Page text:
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Author Will Share True Tale of Race, Sex, and Trade on America’s Colonial Frontier
CHESTERTOWN, MD—The Road to Black Ned’s Forge: A Story of Race, Sex, and Trade on the Colonial American Frontier recounts the remarkable true story of Edward Tarr, an enslaved ironworker who purchased his freedom in 1752, married a white woman, and became the first free black landowner west of Virginia’s Blue Ridge Mountains. The book’s author, Turk McCleskey, will talk about his research and the significance of Tarr’s life story when he visits Washington College on Wednesday, October 21. Free and open to the public, the event begins at 5:30 p.m. in Hynson Lounge, Hodson Hall. A book signing will follow.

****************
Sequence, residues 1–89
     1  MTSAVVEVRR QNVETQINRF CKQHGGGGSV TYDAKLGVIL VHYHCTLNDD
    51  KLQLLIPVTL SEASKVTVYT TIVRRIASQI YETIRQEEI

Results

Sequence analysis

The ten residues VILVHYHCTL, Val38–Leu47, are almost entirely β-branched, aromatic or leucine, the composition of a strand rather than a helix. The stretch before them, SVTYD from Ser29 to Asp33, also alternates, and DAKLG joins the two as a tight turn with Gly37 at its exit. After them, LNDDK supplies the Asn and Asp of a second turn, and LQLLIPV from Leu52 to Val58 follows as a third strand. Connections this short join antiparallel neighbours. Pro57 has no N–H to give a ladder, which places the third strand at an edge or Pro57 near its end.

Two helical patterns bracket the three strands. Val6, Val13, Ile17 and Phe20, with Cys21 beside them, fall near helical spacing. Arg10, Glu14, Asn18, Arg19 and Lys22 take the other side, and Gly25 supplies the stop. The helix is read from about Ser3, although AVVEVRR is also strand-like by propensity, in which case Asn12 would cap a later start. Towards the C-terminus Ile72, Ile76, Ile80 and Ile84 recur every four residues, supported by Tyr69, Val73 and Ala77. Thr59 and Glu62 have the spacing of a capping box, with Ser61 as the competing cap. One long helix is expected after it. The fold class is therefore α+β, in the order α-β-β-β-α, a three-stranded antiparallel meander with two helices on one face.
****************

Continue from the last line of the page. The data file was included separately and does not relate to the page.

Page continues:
The Road to Black Ned’s Forge unlocks a new, more nuanced understanding of the close-knit nature of communities and race relations on the early frontier. As a free man, Edward Tarr established a successful blacksmith shop and helped found a Presbyterian congregation. Tarr’s neighbors accepted his interracial marriage, though some protested when a second white woman joined the household. Tarr’s story took a perilous turn when his last master’s son abruptly entered his life in an attempt to re-enslave him. His fate suddenly hinged on his neighbors; they were all that stood between him and a return to slavery.
A professor of history at the Virginia Military Institute (VMI) since 1994, McCleskey has received the VMI Foundation’s Award for Distinguished Teaching, the Faculty Mentor Award, and the VMI Achievement Medal. His research and publications focus on the 18th century colonial American frontier.
McCleskey’s Oct. 21 talk is sponsored by Washington College’s C.V. Starr Center for the Study of the American Experience, the Department of History, and the American Studies Program. More information can be found at starrcenter.washcoll.edu.